Here’s How the NFL Is Beefing Up Its Digital Presence

More livestreaming and a new premium mobile subscription

National Football League games are the biggest draw in broadcast television, with national telecasts averaging more than 20 million weekly viewers last season for one network—NBC—alone. While the league's digital presence has also been growing (NBC's streamed games averaged a record 3.3 million unique users last season, up 9 percent year over year), the NFL this season plans to livestream more games than ever across multiple platforms, including digital partners CBS Sports and Yahoo, and offer fans a comprehensive paid subscription service featuring premium content.

To help make viewing a beefed-up, more seamless experience for fans, the NFL will announce on Tuesday that it has rolled up all its subscription offerings into one package called Domestic NFL Game Pass. The service, which will cost $99 per year, will include NFL Game Rewind, NFL Audio Pass, NFL Preseason Live and the subscription portion of the retooled NFL Now, which features NFL Films and other long-form content.

The free, ad-supported version of NFL Now will be added to NFL Mobile and become the basis for much of the video on that platform. NFL Now will no longer be a stand-alone app. The goal is to provide fans with a more user-friendly experience.

"A lot of people were confused by what they could get for free," explained Brian Rolapp, NFL's evp of media.

Perkins Miller, the NFL's chief digital officer, added that the league will employ dynamic ad insertion for NFL Now video. NFL Now advertisers will include National Car Rental, Geico, Coors Light, KFC and Lexus. Geico and Coors Light will also sponsor branded segments. "We've actually built up a fair amount of expertise in doing live, dynamic ad stitching into our live-game streams," said Miller. That will also extend to archived segments on NFL Now. "There will be postroll inventory available there for our advertisers to slide in on," he said.

Still, NFL Now remains a tricky sell. The issue is how to make it a destination without the feature that's most appealing to fans: live games. "The thing about nonlive NFL content, it's everywhere," said Jason Maltby, director of national broadcast TV at Mindshare. "Once you get live games, you're fine."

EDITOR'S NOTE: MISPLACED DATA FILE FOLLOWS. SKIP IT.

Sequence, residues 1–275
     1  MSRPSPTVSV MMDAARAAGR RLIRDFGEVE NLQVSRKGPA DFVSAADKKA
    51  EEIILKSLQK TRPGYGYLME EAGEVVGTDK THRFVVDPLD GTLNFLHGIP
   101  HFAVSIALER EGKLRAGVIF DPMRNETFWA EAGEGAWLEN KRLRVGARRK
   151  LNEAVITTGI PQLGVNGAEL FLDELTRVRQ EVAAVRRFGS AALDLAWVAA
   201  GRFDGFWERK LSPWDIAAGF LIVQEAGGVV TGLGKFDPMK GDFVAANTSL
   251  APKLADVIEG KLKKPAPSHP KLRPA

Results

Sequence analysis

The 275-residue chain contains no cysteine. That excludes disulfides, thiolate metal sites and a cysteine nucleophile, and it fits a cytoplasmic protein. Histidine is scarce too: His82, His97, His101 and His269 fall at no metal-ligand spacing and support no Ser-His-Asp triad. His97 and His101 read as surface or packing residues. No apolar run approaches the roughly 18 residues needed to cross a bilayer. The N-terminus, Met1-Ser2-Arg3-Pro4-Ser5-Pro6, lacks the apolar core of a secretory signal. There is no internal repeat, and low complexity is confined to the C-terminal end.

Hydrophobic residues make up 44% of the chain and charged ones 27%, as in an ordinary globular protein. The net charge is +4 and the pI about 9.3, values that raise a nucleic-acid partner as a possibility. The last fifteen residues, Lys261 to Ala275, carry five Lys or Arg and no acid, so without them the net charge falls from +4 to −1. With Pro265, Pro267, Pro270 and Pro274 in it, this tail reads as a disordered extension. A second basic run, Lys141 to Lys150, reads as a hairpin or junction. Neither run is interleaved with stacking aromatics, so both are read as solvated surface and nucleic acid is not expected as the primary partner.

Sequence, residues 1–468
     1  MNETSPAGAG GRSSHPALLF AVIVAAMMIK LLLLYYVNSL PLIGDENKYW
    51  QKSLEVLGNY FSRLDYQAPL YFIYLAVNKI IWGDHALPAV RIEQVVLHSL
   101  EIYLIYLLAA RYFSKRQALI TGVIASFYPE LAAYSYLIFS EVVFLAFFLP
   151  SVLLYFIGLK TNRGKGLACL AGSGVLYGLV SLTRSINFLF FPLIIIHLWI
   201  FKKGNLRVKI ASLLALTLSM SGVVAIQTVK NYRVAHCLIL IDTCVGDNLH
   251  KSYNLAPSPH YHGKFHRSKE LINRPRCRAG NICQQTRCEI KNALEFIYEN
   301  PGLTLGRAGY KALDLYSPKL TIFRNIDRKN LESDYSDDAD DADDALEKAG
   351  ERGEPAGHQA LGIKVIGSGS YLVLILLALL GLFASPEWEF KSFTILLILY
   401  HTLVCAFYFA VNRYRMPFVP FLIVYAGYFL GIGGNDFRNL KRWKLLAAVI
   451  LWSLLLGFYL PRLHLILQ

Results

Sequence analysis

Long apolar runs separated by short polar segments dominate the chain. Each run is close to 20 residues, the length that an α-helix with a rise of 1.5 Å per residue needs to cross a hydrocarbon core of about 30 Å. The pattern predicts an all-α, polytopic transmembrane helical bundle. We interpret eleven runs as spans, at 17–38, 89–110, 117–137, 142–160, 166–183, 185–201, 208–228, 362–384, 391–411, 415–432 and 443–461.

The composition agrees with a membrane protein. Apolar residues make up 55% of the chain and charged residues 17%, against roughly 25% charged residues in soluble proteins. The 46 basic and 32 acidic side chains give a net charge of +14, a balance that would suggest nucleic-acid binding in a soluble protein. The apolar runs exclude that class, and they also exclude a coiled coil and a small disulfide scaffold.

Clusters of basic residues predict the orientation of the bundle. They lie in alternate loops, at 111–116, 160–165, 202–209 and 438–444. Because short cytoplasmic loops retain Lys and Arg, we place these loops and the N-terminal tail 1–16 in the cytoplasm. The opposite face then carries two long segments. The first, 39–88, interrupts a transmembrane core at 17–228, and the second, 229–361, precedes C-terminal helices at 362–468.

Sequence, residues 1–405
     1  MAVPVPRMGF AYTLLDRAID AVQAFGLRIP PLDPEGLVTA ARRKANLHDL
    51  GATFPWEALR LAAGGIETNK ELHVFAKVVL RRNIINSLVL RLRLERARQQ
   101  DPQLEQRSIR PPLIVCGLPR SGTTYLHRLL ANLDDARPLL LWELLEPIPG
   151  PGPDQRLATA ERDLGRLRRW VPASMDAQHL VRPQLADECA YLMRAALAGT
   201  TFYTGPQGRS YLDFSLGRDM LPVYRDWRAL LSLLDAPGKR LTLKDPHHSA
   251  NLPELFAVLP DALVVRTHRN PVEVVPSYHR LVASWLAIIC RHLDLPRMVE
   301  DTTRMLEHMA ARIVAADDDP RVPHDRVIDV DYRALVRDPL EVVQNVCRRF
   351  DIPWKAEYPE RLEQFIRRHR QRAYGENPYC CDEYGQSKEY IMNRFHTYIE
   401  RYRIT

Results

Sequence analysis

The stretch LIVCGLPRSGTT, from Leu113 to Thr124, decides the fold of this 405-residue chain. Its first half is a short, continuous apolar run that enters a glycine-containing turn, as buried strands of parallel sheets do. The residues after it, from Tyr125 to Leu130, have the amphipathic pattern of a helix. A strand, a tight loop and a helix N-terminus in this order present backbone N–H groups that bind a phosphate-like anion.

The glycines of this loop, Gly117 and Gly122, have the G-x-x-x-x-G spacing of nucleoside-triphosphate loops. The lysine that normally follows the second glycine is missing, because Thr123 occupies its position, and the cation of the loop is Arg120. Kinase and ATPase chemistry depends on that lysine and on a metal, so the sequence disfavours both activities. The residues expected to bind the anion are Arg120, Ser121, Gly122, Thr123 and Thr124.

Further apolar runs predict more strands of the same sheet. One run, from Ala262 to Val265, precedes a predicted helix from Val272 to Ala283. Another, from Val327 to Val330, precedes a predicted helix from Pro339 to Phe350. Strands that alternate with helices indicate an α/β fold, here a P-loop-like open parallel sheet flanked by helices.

To that end, livestreaming of games will be bigger than ever this season. CBS will offer a pair of regular season streamed games, including the nationally broadcast Thanksgiving Day matchup, while Yahoo will become the first digital outlet to exclusively carry a game.

"This is a first step," said Rolapp of the Yahoo deal, noting that broadband distribution has reached a point where it can support livestreaming. "One of the reasons we're there is to see if this could be a viable distribution for more than just one game," Rolapp said.

While Mindshare's Maltby commends the league for taking a "methodical" and "well thought out" approach to the new digital offerings, he maintains that TV will remain a popular draw for brands looking to reach a mass audience because of the scarcity of the product. "Ultimately, everybody—the league, advertisers, agencies and broadcast partners—want to see what is the effect of adding these platforms," he said. "Are you cannibalizing one platform for another, or are you inviting new viewers into the franchise?"

This story first appeared in the Sept. 7 issue of Adweek magazine. Click here to subscribe.

Publish date: September 6, 2015 © 2020 Adweek, LLC. - All Rights Reserved and NOT FOR REPRINT